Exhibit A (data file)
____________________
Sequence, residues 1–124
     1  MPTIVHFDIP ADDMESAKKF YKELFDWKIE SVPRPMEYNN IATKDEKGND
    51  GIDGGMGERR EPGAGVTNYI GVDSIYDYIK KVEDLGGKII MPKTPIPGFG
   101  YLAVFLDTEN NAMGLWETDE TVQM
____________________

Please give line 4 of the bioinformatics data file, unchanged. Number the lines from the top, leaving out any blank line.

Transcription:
   101  YLAVFLDTEN NAMGLWETDE TVQM